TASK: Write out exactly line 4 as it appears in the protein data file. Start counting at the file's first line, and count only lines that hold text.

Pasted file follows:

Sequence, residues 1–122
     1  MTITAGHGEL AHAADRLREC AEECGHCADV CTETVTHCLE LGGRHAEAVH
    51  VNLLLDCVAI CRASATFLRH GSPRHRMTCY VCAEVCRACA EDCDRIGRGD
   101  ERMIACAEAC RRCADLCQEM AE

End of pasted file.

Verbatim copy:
   101  ERMIACAEAC RRCADLCQEM AE